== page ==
Visit our Get Moving page in our Virtual Wellness Room for additional suggestions.


Anger is an emotional state that can vary in intensity from generic irritation to intense rage.We often think of anger as negative or to be avoided.  But anger, like any emotion, exists to tell us more about our needs, wants and beliefs.  For example, if someone posts something hurtful about a friend on social media, we might feel anger because someone we love and care about is being attacked. In short, we experience anger when we perceive threats – either personally or to those we want to protect. 

While anger can be beneficial, the feeling can often be overwhelming, impeding one’s ability to think rationally. Those in an angry state may experience changes in heart rate and blood pressure and other physical symptoms. These physiological changes can lead to maladaptive responses to anger such as outbursts, aggression, and violence. Learning to manage and control anger can improve your own happiness and your relationship with others. If you find yourself overwhelmed by your anger, consider taking a few deep breaths and recognizing why you may be feeling this way. Naming your feelings is a valuable tool for moving emotions from a high intensity emotional space to a more cognitive space. This allows us to calm the physiological reaction to anger and navigate our anger in a more relaxed way.

If you find yourself becoming angry frequently or not being able to control your anger, consider some strategies to manage your anger. Recognizing warning signs or triggers of anger can help you quell the intensity of the emotion. Healthy lifestyle habits such as eating well and exercising frequently can also ease the intensity of anger. 

In the workplace, the open expression of anger can lead others to feel minimized or even unsafe. Work can often be a stressful environment which can heighten the frequency and intensity of feelings of anger. Anger can also cloud judgment and impair one’s ability to see things from a different perspective. It is important to recognize how your behavior in response to feelings of anger may be affecting others, however anger in response to unfairness or disrespect in the workplace is a normal and valid emotion. Thus, understanding what is leading to this anger can help identify if a greater issue needs to be addressed.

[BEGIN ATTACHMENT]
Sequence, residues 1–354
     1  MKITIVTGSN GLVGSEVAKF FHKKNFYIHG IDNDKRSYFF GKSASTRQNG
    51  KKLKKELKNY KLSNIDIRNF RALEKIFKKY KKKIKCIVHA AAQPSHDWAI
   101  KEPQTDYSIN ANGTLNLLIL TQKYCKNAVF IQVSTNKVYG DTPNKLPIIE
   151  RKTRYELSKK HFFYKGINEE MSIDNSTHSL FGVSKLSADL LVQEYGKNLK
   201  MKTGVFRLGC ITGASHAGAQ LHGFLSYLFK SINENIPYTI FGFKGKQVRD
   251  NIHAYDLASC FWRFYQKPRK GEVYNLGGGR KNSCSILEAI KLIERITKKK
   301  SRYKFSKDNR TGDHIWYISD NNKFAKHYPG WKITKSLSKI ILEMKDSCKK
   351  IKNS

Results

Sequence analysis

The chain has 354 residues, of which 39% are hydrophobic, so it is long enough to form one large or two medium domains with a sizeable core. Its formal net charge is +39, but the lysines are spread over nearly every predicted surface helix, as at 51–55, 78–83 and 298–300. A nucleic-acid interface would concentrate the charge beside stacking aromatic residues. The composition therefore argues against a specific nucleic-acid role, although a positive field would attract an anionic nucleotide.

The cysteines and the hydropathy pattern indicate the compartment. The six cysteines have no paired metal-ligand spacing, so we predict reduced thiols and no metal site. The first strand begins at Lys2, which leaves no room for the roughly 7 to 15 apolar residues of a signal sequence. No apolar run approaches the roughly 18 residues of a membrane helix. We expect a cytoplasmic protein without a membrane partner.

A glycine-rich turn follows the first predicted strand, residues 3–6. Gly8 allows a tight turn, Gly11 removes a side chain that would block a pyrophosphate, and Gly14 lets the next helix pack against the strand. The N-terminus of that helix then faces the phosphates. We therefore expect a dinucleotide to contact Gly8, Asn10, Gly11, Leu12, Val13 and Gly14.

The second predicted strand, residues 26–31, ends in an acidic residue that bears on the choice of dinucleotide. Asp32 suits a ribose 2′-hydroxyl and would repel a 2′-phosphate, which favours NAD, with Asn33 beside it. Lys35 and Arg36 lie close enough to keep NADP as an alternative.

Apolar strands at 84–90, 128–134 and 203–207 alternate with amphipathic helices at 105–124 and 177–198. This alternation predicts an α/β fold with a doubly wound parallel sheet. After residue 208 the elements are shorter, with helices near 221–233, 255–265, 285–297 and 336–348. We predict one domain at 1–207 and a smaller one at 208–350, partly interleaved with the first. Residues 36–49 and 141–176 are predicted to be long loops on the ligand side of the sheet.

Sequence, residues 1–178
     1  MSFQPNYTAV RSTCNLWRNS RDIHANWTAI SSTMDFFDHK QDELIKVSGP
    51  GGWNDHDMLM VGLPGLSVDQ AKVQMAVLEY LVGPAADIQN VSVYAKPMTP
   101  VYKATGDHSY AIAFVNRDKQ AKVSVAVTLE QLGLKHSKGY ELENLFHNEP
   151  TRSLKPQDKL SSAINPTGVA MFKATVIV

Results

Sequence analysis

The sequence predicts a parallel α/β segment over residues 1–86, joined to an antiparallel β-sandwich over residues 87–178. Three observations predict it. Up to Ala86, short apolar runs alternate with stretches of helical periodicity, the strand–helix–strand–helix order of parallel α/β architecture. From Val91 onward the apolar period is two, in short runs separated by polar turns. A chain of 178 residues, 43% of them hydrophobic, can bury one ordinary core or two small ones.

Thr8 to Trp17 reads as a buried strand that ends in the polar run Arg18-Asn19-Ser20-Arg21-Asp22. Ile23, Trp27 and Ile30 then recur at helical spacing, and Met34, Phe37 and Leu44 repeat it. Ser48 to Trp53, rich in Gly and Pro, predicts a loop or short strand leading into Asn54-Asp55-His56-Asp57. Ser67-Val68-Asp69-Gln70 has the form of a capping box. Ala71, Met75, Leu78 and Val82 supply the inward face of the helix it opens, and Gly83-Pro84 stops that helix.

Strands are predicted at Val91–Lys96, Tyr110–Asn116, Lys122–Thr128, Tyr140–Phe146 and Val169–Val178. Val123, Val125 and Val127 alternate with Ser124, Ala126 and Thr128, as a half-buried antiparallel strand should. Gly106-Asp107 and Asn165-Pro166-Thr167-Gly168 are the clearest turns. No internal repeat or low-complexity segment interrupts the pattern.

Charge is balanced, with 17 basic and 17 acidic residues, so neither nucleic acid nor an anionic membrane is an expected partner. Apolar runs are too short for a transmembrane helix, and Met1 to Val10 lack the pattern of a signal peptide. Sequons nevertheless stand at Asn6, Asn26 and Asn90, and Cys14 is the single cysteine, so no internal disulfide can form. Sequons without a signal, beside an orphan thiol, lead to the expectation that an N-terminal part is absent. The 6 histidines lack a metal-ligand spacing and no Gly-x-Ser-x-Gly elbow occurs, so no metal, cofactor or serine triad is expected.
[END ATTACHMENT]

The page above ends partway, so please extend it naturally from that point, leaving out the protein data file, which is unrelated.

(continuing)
Memories of traumatic or harmful events can also trigger anger, so it is important to practice self awareness and to identify warning signs which can signal that it may be time to use a coping skill or ask for additional support or intervention. Individuals with prolonged or intense anger may experience negative impacts on their physical, emotional, psychological and social health and well-being.

How do I respond to anger?

  • Remember that anger is a normal experience
  • Identify the root of the anger. In some cases anger may be due to underlying fear or anxiety about a certain event of life circumstance.
  • Express the anger in a healthy way – journaling, talking it out, ripping up a scrap of paper, squeezing a stress ball.
  • Take a break if needed to practice relaxation strategies- bring the mind and body together to help calm and focus.

If you are helping someone else process their anger, remind them of these tools but also remember to set healthy boundaries for yourself. Try phrases like…

  • I can tell you are frustrated, would you like to take some grounding breaths together?
  • You seem upset today and I am wondering what I can do to help you. I am here to listen when you are ready. 
  • I understand that you would be angry over that. How can I support you?
  • I can tell you are upset, but when you speak to me that way I feel hurt.

Resources for Managing Anger

Controlling anger before it controls you from the American Psychological Association

Zero to 60: A teens guide to manage frustration, anger and everyday irritations by Michael A. Tompkins

Managing Workplace Anger from the Harvard Business Review

Tips for Survivors: Coping with Anger from the Substance Abuse and Mental Health Services Administration. .